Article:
500 riyal bank notes laying on a laptop keyboard

Finance and Banking in Qatar


Qatar uses a riyal and dirham system of decimal currency. There are 100 dirhams to one riyal.

Notes are in denominations of 500, 100, 50, 10, and 1 riyal/s.

Coins are in denominations of 50, 25, 10, 5 and 1 dirham/s.

Currency Converter

One Qatari Riyal is roughly equivalent to:

  • £0.21 (UK Pound)
  • €0.24 (Euro)
  • $0.27 (US Dollar)
  • 19.60 (Indian Rupee)
  • ¥1.86 (Chinese Yuan)

Applying for a Bank Account

Qatar offers a mixture of both local and international banks. All major Qatari banks are well-regulated and offer a range of services to Qatari nationals and expatriates alike. Interest rates and charges can vary, so it is wise to compare banks before opening an account.

To open an account, you will need to apply in person at a branch of your choice. In addition to holding a valid residence permit, you must submit a photocopy of your passport, your residence visa, and two passport photographs. You will also require a letter from your employer detailing your salary and when payments will be made into your account each month (otherwise known as a ‘no objection letter’).

Once your application has been processed, you will be issued with a debit and/or credit card and have access to the bank’s range of services. Prior to receiving your card, you may use an internationally recognised credit card, many of which are accepted in Qatar.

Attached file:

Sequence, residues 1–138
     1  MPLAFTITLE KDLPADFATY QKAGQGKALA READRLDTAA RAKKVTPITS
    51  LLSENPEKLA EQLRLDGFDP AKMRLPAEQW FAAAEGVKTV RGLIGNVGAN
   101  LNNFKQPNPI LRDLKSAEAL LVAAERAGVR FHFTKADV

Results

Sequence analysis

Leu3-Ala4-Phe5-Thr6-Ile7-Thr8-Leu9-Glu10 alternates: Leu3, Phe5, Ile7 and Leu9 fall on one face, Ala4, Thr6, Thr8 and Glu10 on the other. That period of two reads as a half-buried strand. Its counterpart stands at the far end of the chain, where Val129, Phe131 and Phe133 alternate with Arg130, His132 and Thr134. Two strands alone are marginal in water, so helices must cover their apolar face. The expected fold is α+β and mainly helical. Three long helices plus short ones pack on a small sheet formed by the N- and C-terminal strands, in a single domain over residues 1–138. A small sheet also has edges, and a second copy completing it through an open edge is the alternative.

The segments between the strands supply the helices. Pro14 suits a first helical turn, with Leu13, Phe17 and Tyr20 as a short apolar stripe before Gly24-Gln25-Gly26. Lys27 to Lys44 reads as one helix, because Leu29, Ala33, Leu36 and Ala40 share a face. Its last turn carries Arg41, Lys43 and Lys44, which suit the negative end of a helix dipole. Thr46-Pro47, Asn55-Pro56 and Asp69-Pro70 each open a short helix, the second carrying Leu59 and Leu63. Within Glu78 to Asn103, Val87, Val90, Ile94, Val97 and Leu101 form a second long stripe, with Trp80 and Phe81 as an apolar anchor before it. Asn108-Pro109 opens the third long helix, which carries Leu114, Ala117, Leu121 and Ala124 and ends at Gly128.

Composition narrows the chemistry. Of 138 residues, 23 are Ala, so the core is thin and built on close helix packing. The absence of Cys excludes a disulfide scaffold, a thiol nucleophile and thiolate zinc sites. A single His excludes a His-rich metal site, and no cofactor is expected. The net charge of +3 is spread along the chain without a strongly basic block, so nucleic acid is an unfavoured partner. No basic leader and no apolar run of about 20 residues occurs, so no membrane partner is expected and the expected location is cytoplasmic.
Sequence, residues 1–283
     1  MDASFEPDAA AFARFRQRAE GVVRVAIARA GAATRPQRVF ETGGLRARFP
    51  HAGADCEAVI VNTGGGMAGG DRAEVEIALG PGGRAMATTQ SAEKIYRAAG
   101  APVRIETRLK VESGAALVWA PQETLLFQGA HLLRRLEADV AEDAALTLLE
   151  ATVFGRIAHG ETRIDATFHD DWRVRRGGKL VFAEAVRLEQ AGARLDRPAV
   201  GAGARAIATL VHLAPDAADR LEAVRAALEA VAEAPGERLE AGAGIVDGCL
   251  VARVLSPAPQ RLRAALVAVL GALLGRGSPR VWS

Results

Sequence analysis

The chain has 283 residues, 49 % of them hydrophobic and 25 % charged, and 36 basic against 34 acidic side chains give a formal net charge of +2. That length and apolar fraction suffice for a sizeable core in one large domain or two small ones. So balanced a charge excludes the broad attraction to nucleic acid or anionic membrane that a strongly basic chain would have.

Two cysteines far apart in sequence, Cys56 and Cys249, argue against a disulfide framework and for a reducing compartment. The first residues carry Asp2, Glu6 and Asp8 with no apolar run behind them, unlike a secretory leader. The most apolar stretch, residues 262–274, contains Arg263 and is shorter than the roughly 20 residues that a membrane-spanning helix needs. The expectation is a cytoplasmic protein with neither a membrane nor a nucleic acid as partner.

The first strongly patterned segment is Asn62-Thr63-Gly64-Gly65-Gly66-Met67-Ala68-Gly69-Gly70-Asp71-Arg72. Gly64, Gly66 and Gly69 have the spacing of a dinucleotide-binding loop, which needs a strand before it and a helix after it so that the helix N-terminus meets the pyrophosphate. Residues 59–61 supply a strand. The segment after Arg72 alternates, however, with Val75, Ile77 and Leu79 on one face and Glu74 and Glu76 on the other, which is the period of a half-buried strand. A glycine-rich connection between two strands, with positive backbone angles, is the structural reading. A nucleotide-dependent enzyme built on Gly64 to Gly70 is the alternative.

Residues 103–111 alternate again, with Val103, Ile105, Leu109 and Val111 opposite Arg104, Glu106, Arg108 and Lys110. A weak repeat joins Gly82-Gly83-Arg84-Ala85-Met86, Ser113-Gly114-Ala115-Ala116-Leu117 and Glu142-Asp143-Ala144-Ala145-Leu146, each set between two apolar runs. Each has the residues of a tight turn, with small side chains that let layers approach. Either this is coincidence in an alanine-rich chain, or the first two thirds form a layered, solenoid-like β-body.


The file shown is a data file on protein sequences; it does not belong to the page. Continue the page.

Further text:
There is no personal income tax, value-added tax, sales tax or capital/wealth tax in Qatar.

Taxes payable in Qatar include:

  • Corporation tax, applied to foreign companies
  • Import duties, charged at four per cent on the most valuable item
  • Service tax, charged at 10 per cent
  • Government levy, charged at five per cent on restaurant and hotel bills

It is worth noting that self-employed foreign workers may be taxed on their income. Expatriates may also be liable to pay tax in their home country depending on their personal circumstances and home country taxations laws. Therefore, it is recommended that expatriates seek advice on the relative tax situation in their home country.

Retirement and Pensions 

The retirement age for workers in the public sector is 60. However, there is no retirement age for those working in the private sector, allowing expatriates to carry on working well into their 60s and 70s. It is worth noting that foreign workers are required to renew their working visa should they wish to remain in employment beyond the age of 60. 

Foreign workers are not entitled to a pension from the Qatari government and must manage their own funds for use in later life. 

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